Cloistered Dominican Nuns Corpus Christi Monastery

What Will Happen to the Poor Souls: Bl. Margaret Ebner, O.P.

Bl. Ebner

The forty years of Blessed Margaret’s religious life were spent in the practices of regular observance, into which she daily strove to put fresh love, more diligence and care and more profound respect.  Under a simple and modest exterior lay concealed an intimacy with God such as the Imitation describes: He habitually converses with the interior man in profound peace and with overwhelming familiarity.  A cloistered nun in the Dominican Order, Bl. Margaret was intimately connected with the spiritual renaissance in the Rhineland during the fourteenth century – she was friend and guide to many and in frequent correspondence with other mystics, including John Tauler, O.P.

Born to a noble family, Margaret was very young when her taste for prayer became evident.  It was no surprise to anyone that she decided to enter a monastery at the age of 15.  She lived a holy life in a Bavarian Dominican monastery for five years, when she suddenly became very ill and eventually, nearly completely paralyzed.  For thirteen years she lived in constant pain and helplessness; she offered her suffering for the souls of those who died in the war, which was then raging throughout the country.  All the while, she was in union with God and had visions of countless poor souls coming to her, begging for prayers.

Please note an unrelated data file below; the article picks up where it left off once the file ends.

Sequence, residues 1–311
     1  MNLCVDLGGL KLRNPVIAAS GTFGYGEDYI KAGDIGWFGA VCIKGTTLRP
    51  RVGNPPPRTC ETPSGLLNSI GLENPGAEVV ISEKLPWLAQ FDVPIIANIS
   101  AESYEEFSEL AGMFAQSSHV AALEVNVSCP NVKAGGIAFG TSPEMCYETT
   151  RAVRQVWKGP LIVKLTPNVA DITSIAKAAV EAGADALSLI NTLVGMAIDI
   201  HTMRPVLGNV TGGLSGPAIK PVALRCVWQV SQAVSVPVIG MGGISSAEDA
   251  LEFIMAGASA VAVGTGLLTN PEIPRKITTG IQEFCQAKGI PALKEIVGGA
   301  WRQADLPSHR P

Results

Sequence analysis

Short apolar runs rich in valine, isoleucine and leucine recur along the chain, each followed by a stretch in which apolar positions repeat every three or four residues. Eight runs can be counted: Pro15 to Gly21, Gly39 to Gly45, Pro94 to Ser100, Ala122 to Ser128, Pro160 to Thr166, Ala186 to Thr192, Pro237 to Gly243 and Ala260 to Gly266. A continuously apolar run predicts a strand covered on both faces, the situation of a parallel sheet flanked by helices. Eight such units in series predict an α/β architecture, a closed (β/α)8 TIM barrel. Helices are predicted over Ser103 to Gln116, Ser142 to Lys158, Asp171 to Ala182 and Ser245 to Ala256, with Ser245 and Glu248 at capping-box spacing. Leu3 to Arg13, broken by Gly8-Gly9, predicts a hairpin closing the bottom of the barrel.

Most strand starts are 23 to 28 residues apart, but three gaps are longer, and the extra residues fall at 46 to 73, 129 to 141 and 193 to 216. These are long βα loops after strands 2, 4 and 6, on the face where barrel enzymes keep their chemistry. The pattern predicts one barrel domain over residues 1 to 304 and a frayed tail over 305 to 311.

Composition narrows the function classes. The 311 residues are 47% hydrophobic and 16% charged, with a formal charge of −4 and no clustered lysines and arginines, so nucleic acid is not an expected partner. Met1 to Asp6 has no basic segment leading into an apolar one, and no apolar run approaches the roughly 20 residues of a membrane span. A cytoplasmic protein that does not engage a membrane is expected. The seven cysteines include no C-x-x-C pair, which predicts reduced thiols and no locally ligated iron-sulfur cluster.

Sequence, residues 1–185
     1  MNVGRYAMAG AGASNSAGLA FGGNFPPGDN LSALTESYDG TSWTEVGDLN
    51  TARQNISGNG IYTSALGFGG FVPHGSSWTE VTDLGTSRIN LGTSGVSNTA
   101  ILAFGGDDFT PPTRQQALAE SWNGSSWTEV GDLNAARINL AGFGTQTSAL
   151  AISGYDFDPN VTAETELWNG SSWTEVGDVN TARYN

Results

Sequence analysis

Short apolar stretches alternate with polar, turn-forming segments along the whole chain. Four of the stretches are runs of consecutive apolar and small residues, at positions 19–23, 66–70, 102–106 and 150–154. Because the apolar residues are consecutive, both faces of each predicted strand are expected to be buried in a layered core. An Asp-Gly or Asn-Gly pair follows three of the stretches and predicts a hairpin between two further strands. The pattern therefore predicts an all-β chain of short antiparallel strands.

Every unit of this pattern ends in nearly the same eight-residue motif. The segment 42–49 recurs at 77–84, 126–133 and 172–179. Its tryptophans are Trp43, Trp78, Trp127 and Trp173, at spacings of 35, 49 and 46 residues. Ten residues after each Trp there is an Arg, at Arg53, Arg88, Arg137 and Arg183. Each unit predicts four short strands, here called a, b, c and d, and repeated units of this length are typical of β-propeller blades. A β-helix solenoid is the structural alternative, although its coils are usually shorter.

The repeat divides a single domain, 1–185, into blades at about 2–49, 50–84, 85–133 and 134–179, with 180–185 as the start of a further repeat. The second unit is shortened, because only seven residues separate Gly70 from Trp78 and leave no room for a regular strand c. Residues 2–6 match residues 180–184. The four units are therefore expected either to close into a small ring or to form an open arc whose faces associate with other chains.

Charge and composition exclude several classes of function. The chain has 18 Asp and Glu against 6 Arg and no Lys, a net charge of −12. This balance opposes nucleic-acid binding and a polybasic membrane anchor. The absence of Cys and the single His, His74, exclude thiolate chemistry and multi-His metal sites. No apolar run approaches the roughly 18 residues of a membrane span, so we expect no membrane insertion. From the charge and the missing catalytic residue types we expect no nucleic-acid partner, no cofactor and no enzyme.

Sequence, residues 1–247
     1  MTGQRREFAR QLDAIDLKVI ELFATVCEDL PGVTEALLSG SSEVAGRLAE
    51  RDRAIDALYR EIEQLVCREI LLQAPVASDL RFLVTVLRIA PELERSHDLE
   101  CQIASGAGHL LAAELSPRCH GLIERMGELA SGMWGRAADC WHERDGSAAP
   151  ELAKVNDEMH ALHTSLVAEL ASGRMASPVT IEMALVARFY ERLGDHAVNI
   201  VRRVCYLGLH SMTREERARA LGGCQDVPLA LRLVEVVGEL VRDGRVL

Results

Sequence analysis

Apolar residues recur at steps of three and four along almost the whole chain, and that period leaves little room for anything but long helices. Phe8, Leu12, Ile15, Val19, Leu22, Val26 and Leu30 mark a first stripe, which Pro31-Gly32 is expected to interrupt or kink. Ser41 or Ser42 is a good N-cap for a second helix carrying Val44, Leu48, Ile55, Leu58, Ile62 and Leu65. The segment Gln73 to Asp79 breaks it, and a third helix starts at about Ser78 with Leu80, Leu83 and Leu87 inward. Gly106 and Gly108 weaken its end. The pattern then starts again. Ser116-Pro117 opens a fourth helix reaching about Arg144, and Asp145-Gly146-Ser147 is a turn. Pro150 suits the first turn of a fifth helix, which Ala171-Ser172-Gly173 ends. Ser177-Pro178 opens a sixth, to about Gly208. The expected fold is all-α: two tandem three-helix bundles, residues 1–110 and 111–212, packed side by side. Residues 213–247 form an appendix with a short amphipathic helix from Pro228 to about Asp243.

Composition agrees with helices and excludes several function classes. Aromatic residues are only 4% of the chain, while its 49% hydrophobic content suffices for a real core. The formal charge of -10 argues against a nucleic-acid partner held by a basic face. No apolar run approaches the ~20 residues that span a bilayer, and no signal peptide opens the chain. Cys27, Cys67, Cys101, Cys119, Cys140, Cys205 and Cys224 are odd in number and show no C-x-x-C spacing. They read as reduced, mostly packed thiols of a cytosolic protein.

Margaret suffered intensely and for a long time and she offered her suffering as a prayer of expiation for the sins of others.  In the account written by herself in obedience to her confessor, Father Henry Niidlingen, we find her five special devotions: 1) the Infant Jesus; 2) the Holy Eucharist; 3) the Holy Name of Jesus; 4) the Passion; and 5) the Poor Souls in Purgatory.  Her zeal embraced in particular four classes of persons: poor sinners, the sick, the agonizing, and the abandoned poor.

At the end of her suffering, Margaret was suddenly cured and returned to regular life within the community.  But this peace was short-lived, for the monastery was forced to close because of the war.  Margaret and a lay sister returned to her home, where she continued her nearly perpetual silence and continual prayer.  One day, the lay sister scolded her for her silence, which seemed excessive to her.  Suddenly the lay sister was granted a vision to what Margaret saw and heard all the time – the house was teeming with souls begging for Margaret’s prayers.  Looking at the lay sister, they said to her, “If you do not want to help us yourself, at least don’t keep other people from helping us.”

As soon as it was possible, the monastery reopened and Margaret returned for the remainder of her life, continuing her works of kindness, charity, prayer, and selfless devotion to doing the will of God as a Dominican nun.

Prayer: O Virgin Mary, you are the sacred tabernacle of the Divinity, you are the delightful garden wherein was called the most beautiful flower, Jesus Christ, the Savior of our souls.  Hail, violet of profound humility, rose of charity and most pure lily of chastity.  Grant, O Blessed Virgin, that should I happen to lose the grace of devotion through my own fault, I may seek it again with all diligence, and after having found it, guard it with more care, that thus I may earnestly give myself to the service of my Creator (Louis of Granda, O.P.).

Practice: During the day help some poor person; at night pray for the dying.

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